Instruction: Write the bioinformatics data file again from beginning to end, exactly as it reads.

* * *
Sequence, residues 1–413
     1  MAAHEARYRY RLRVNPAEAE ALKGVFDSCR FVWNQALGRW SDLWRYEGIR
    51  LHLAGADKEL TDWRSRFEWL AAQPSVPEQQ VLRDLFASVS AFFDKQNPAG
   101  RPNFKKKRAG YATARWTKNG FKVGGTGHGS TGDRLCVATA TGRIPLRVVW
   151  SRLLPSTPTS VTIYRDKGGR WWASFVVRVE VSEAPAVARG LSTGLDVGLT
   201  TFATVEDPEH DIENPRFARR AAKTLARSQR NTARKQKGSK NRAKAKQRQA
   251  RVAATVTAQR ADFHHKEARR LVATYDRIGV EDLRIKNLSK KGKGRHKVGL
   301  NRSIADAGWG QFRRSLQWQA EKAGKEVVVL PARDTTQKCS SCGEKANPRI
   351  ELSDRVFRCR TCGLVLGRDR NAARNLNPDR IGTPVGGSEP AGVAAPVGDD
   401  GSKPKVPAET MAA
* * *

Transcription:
Sequence, residues 1–413
     1  MAAHEARYRY RLRVNPAEAE ALKGVFDSCR FVWNQALGRW SDLWRYEGIR
    51  LHLAGADKEL TDWRSRFEWL AAQPSVPEQQ VLRDLFASVS AFFDKQNPAG
   101  RPNFKKKRAG YATARWTKNG FKVGGTGHGS TGDRLCVATA TGRIPLRVVW
   151  SRLLPSTPTS VTIYRDKGGR WWASFVVRVE VSEAPAVARG LSTGLDVGLT
   201  TFATVEDPEH DIENPRFARR AAKTLARSQR NTARKQKGSK NRAKAKQRQA
   251  RVAATVTAQR ADFHHKEARR LVATYDRIGV EDLRIKNLSK KGKGRHKVGL
   301  NRSIADAGWG QFRRSLQWQA EKAGKEVVVL PARDTTQKCS SCGEKANPRI
   351  ELSDRVFRCR TCGLVLGRDR NAARNLNPDR IGTPVGGSEP AGVAAPVGDD
   401  GSKPKVPAET MAA